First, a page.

In a guest post, Neil Addison questions the legality of the current ban on weddings.
The coronavirus pandemic has bought most aspects of normal life to an end in the UK. Most of the restrictions have been brought in through Statutory Instruments under the Public Health (Control of Disease) Act 1984, the most far-reaching of which is The Health Protection (Coronavirus, Restrictions) (England) Regulations 2020 which came into force at 1 pm on 26 March 2020 (equivalent Regulations for Wales, Scotland and Northern Ireland were made by the relevant devolved administrations).
One of the effects of the Regulations has been to prevent any marriages taking place and considering the amount of publicity there has been about police enforcement and legal overreach with these Regulations, there has been surprisingly little comment on whether the blanket restriction on marriage is either necessary or lawful.
Like all UK legislation, the 1984 Act and the 2020 regulations are subject to the Human Rights Act 1998 (HRA), which incorporates the European Convention on Human Rights into UK law. Section 3(1) of the 1998 Act states that “So far as it is possible to do so, primary legislation and subordinate legislation must be read and given effect in a way which is compatible with the Convention rights”. Since 26 March 26, no marriages have been allowed to take place in the UK despite Article 12 of the Convention which says in unequivocal terms:
“Men and women of marriageable age have the right to marry and to found a family, according to the national laws governing the exercise of this right.”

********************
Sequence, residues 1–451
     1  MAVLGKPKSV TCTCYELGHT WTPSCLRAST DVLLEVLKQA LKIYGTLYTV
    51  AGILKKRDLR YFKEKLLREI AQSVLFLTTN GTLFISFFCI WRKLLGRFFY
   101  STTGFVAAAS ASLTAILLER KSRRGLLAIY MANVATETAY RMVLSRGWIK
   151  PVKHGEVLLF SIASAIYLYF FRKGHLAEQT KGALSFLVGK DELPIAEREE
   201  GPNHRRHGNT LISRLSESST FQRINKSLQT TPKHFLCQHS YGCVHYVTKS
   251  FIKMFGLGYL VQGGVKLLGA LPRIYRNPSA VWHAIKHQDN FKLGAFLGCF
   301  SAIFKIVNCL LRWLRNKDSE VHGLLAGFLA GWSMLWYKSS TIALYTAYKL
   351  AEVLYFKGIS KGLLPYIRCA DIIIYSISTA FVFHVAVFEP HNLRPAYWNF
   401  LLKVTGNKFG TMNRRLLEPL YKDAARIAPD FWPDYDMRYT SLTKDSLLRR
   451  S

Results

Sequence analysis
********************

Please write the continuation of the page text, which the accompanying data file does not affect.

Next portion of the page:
Of course, the right to marry is not the only Convention right which has been affected by the Regulations, by limiting travel even for the purpose of visiting family, by closing churches and by preventing people meeting in groups of more than two, the regulations have infringed the following rights: Article 8 – Right to respect for private and family life, Article 9 – Freedom of thought, conscience and religion, Article 11 – Freedom of assembly and association. However, these rights are all “qualified rights” and can be restricted “in the interests of public safety … for the protection of health or morals … for the protection of the rights and freedoms of others.”
There is no doubt that the Regulations can be legally defended as being ”for the protection of health” and “for public safety”; and even if it were argued in court that the restrictions go too far, it is unlikely that any court would want to interfere in what is ultimately a value judgment based, as we are repetitively told, on scientific advice.
However, unlike the rights under Articles 8, 9 and 11, Article 12 is an absolute right which is not subject to any restrictions. Under Article 12, “Men and women of marriageable age have the right to marry’’: no ifs, no buts and no provision permitting restrictions “in the interests of public safety etc etc”. Therefore, by preventing any marriages taking place, the Government is in breach of Article 12 and it cannot justify that breach by reference to the dangers and disruption caused by the coronavirus epidemic.